The influence of psychosocial factors on clinical outcomes after surgery has been investigated in several studies. This review is limited to surgical outcomes studies published between 1990 and 2004 that include (1) psychosocial variables (eg, depression, social support) as predictors of outcome and that focus on (2) clinical outcomes (eg, postoperative pain, functional recovery) using (3) specific multivariate analytic techniques with (4) relevant clinical variables (eg, presurgical health status) included as covariates. Twenty-nine studies met these criteria. Results indicate that psychosocial factors play a significant role in recovery and are predictive of surgical outcome, even after accounting for known clinical factors. Attitudinal and mood factors were strongly predictive; personality factors were least predictive. The results suggest that preoperative consideration of attitudinal and mood factors will assist the surgeon in estimating both the speed and extent of postoperative recovery.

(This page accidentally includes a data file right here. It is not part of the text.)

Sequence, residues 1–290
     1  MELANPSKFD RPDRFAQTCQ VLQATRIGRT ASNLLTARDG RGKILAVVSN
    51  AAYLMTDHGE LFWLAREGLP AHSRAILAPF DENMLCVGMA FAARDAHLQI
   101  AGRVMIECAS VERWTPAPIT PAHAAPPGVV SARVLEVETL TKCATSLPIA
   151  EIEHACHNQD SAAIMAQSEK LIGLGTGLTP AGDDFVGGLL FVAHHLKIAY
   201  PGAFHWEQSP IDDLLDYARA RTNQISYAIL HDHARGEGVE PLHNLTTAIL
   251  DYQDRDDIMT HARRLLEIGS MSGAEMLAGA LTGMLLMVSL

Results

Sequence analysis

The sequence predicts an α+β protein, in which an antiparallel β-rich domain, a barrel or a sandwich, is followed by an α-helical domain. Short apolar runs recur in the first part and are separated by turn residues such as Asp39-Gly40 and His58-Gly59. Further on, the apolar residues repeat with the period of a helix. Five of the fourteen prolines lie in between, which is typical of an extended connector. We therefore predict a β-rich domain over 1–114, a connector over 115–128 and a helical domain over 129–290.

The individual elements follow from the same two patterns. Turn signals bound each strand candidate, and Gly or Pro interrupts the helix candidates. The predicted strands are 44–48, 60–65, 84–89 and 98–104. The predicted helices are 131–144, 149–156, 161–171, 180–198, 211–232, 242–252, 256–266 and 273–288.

Dr. Rosenberger is Associate Research Scientist, Department of Epidemiology and Public Health, Yale University School of Medicine, New Haven, CT. Dr. Jokl is Professor, Department of Orthopaedics and Rehabilitation, Yale University School of Medicine. Dr. Ickovics is Associate Professor, Department of Epidemiology and Public Health, Yale University School of Medicine.
None of the following authors or the departments with which they are affiliated has received anything of value from or owns stock in a commercial company or institution related directly or indirectly to the subject of this article: Dr. Rosenberger, Dr. Jokl, and Dr. Ickovics.
This work was supported by the following National Institutes of Health Grants: RO1 AR46299 and K24 DK070052.
Reprint requests: Dr. Jokl, Department of Orthopaedics, Yale University School of Medicine, Yale Physicians Building, 800 Howard Avenue, PO Box 208071, New Haven, CT 06520-80701.